Good Reading : June 2016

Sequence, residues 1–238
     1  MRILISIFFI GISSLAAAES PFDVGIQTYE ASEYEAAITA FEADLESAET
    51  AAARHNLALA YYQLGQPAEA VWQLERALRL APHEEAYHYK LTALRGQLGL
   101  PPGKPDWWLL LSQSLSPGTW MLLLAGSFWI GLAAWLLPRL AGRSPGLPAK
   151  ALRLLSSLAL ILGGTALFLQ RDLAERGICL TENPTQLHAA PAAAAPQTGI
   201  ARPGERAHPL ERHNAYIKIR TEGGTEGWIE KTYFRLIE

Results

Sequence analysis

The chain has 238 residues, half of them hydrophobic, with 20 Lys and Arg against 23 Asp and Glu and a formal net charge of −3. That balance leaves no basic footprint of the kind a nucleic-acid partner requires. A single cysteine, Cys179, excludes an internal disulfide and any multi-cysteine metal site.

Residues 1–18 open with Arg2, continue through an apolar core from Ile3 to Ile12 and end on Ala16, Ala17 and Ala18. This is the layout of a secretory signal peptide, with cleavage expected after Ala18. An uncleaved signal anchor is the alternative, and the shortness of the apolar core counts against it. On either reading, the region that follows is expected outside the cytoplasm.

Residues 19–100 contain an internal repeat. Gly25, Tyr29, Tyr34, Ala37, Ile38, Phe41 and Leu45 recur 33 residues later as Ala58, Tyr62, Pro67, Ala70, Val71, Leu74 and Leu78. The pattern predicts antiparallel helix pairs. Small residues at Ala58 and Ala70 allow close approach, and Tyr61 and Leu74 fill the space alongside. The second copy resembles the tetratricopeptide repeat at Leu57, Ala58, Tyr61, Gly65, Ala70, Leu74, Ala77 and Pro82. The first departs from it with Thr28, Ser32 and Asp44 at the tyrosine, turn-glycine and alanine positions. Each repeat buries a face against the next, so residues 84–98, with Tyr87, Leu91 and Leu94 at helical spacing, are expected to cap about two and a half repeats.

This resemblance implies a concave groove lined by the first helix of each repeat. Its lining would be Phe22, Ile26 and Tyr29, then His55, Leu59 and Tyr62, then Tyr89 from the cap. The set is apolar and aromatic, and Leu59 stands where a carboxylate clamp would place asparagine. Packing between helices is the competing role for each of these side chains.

Despite my decision to study the subject, I entered uni basically in agreement with the consensus: Australian history is dull. It was difficult to learn history at school and not notice how much more exciting other countries’ pasts were than ours. Everyone else’s history was full of bloody revolutions and horrifying civil wars and proud, reckless, maniacal monarchs hacking bits off each other in their lust for land. America had cowboys and Indians, for god’s sake – how could Australia compete with that? All we had here was sheep far mers and men exploring river systems and a disappointingly peaceful transition from colonies to nation. We never did anything really memorable like being invaded by Vikings. We never even tried to annex New Zealand. Australian history was like the lunch you brought from home when all your friends had money to spend at the canteen. And so my notebook quickly became filled with references to First Fleeters having sex with kangaroos and Governor Macquar ie inventing the ice r ink. If I’d become enamoured of the idea of combining history with humour, it was really just a way to stave off the deathly boredom that accompanied learning about Australia’s past. But after leaving uni, rich in experience but poor in graduations, I kept reading, and found myself learning a few things about history. First, there’s a difference between history and mythology. It’s easy to believe other countries have the most interesting histories when they’re the countries that make all the movies. But every country on earth has an extraordinary story behind it, rich and dense and colourful and crazy and joyous and tragic and crammed with a million surprising details. But more importantly, I learned that as fun as epic battles and vast empires are, history – no matter where and when it happened – happened to people, and people aren’t all that different from place to place or time to time. We need to take a more disrespectful attitude to our history, to help us understand that the legends of the past were just people: dumb, blunder ing people just like us. Politicians, businesspeople, celebrities: every one of them throughout history has bumbled just as cluelessly through life as we do. And once you see that, suddenly Australian history isn’t just about memorising dates: it’s about learning that explorers Hume and Hovell once bickered so fiercely that they split up, dividing up all their possessions, including the frying pan – one took the pan and one the handle. It’s about discovering the divine silliness of the Emu War, the only time that our military was defeated by flightless birds. It’s about the time Ned Kelly sent testicles through the mail. Our history is littered with folks just as mad, brainless and egotistical as any reality contestant. This is howI,a bored student thinking comedy was a pretty good way to make history less boring, ended up believing that comedy was an excellent way of demonstrating how interesting it is. Not that I’m pretending to be a teacher: Er ror Australis still remains true to my original mission of getting a laugh with sarcasm, snark and silliness. If my fairly irresponsible account of Australian history amuses, that is enough. But if it also prods Australians into realising how little of their own history they know and that it might be fun to learn a bit more ... well that’d be just lovely. It would give me the warm fuzzies to think that an idea with its roots in the committed avoidance of serious study half a lifetime ago could end up inspiring others to begin studies of their own. And, hopefully, to take the piss out of what they learned as mercilessly as possible. Error Australis: The reality recap of Australian history by Ben Pobjie is published by Affirm Press, rrp $29.99. GOOD READING JUNE 2016 49 It’s easy to believe other countries have the most interesting histories when they’re the countries that make all the movies. BEHIND THE BOOK 2 letuslampoon...